Prepared by Ted Gentry
Employee Handbooks and Manuals Part VI: Exploring the Blurry Line between Business and Personal through the Lens of Social Media Policies
Previous entries for Wyche at Work’s ongoing series on employee handbooks have focused on the workplace. We began the handbook series by explaining the benefits a handbook could bring to the workplace. We then spent several editions taking a look at specific policies that must or should govern any workplace by exploring contract disclaimers, drug free workplace provisions, and conduct policies. In the next two installments of our series, we will turn our attention to two policies which are increasingly common in the workplace yet evoke a fundamental question: where does the workplace end and an employee’s personal life begin?
This month we will focus on social media policies. These policies govern employee conduct on online social networking sites like Facebook, LinkedIn, Pinterest, Twitter, Instagram, and YouTube. Recent polls have shown that up to 73% of online adults use one or more of these sites. Employees’ use of these sites can have a substantial impact, both positive and negative, on the workplace and employers.
Some of the benefits of social media are obvious:
- employers can reach new customers through social media driven marketing;
- companies can maintain existing customer relationships by providing relevant industry information on company websites, blogs, and Twitter accounts; and
- social media can provide an outlet for employees to share positive experiences they have had with the company.
The potential negatives of social media on the workplace are equally clear:
- companies may lose productivity as employees can access social media sites during working hours;
- workers may waste company resources when they use workplace computers and/or servers to access social media sites;
- employers may encounter greater litigation exposure if employees harass, intimidate, or discriminate against co-workers on social media sites; and
- employees may knowingly or accidently disclose confidential company information when they use social media sites to quickly transfer and disseminate confidential information.
Online conduct policies for employees can go a long way to avoiding the dark side of employee social media use. For example, these policies can be used to restrict or prohibit employees’ unauthorized use of social media during working hours and/or on company resources, prohibit harassing, intimidating, or discriminating against co-workers online, and extend existing confidentiality agreements to the online arena.
Well crafted online conduct policies can also be used to delineate between the workplace and an employee’s private space. When drafted correctly, social media policies can clarify what is company time and what is personal time and further amplify what is workplace conduct and what is personal conduct. A good social media policy should:
- authorize when and how social media use at work or on company equipment should be used,
- define when and how employees can speak on the company’s behalf, and
- remind employees that what they communicate online can and does have an impact on the company and their coworkers.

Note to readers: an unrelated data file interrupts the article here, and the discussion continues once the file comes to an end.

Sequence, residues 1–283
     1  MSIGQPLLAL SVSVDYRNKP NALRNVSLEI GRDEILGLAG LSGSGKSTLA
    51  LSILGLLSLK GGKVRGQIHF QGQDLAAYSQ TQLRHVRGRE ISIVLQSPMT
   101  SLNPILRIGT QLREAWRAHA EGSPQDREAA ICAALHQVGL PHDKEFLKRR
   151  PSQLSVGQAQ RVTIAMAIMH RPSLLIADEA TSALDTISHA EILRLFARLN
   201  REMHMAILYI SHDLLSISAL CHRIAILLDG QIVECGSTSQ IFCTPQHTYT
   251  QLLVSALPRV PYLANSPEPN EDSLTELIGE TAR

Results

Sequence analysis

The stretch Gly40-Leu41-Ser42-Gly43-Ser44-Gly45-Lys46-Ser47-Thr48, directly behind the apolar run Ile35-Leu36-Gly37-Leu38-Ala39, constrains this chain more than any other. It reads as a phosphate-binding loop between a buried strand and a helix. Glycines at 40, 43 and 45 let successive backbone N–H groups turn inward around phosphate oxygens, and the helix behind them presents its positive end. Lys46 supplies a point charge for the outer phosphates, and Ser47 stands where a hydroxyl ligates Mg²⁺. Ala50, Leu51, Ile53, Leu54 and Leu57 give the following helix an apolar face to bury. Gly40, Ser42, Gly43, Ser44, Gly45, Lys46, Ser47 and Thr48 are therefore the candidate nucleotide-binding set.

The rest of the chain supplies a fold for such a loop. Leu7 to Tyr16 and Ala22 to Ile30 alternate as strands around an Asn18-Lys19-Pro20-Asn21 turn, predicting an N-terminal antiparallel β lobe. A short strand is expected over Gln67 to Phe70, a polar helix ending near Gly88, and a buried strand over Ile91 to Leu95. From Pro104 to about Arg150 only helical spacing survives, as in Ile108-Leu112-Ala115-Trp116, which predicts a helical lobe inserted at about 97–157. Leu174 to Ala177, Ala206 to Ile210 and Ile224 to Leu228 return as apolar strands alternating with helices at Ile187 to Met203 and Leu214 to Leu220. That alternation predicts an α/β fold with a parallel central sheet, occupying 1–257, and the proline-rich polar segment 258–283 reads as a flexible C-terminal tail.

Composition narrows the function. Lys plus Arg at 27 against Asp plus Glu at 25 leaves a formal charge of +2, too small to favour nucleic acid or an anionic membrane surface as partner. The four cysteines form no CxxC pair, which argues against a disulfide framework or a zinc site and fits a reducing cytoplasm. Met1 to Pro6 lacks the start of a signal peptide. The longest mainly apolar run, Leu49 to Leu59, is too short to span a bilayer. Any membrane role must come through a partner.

Wyche at Work cautions against the temptation to craft broad prohibitions in an employee’s “on-line life,” even when such activities impact the workplace. For example, a policy that prohibits employees from transmitting disparaging comments about the company or its supervisors is likely to be carefully scrutinized and may be overturned by the National Labor Relations Board. As Wyche at Work has previously emphasized, the NLRB has increasingly protected employees’ ability to discuss their terms and conditions of employment, in an online context or otherwise. The NLRB has recently shown that it will not blindly permit the protection of company assets and reputation at the expense of an employee’s rights under the National Labor Relations Act.
Do not hesitate to contact Wyche while drafting or reviewing your social media related policies. Stay tuned for next month’s installment of our handbook series as we take a look at company equipment policies.
Pending Executive Order Expands Reach of Employment Discrimination Law
Wyche at Work has covered the potential expansion of employment discrimination and the movement to make the discrimination based on sexual orientation or gender identity illegal. The Obama administration recently signaled an intent to issue an executive order to expand the reach of employment discrimination law to prohibit discrimination based on sexual orientation and gender identity. The executive order would apply only to federal contractors and would not apply to general employers. While the United States Senate has passed the Employment Non-Discrimination Act of 2013, the United States House of Representatives has not scheduled this legislation for a vote and is not expected to pass this bill. This inaction was a primary reason for the Obama administration’s announcement. Stay tuned to Wyche at Work as we continue to monitor and report on the anticipated executive order, ENDA, and any other updates on employment discrimination.
On the Road with Wyche at Work: DOT Proposes Wide-Ranging Rule to Prohibit Coercing Commercial Truck Drivers from Breaking the Law
Wyche at Work introduces a new semi-regular feature: “On the Road with Wyche at Work”, which will focus on employment law that relates to the transportation industry. This month we highlight news from the Federal Motor Carrier Safety Administration (the “FMCSA”).
The FMCSA is a federal agency within the Department of Transportation charged with promulgating and enforcing regulations designed to decrease the risk of and injuries resulting from commercial trucking accidents. Since its inception in 2000, the FMCSA has adopted and/or considered several rules targeting commercial trucking companies and companies that hire their own commercial truck drivers, including:
- mandatory drug and alcohol testing for drivers,